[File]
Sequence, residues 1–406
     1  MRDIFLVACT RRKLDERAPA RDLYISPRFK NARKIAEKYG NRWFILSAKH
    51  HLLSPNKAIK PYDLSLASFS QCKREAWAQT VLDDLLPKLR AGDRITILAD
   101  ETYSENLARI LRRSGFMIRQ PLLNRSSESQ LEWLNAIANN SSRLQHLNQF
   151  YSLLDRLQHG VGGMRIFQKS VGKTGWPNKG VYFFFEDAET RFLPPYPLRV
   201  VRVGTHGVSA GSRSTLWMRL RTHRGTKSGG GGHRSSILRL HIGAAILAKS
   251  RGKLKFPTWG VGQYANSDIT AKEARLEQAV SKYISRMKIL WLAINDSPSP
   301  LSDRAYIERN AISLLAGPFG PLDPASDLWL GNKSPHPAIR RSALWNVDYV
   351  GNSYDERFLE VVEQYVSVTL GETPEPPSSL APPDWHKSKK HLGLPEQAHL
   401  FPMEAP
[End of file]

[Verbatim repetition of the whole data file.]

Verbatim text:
Sequence, residues 1–406
     1  MRDIFLVACT RRKLDERAPA RDLYISPRFK NARKIAEKYG NRWFILSAKH
    51  HLLSPNKAIK PYDLSLASFS QCKREAWAQT VLDDLLPKLR AGDRITILAD
   101  ETYSENLARI LRRSGFMIRQ PLLNRSSESQ LEWLNAIANN SSRLQHLNQF
   151  YSLLDRLQHG VGGMRIFQKS VGKTGWPNKG VYFFFEDAET RFLPPYPLRV
   201  VRVGTHGVSA GSRSTLWMRL RTHRGTKSGG GGHRSSILRL HIGAAILAKS
   251  RGKLKFPTWG VGQYANSDIT AKEARLEQAV SKYISRMKIL WLAINDSPSP
   301  LSDRAYIERN AISLLAGPFG PLDPASDLWL GNKSPHPAIR RSALWNVDYV
   351  GNSYDERFLE VVEQYVSVTL GETPEPPSSL APPDWHKSKK HLGLPEQAHL
   401  FPMEAP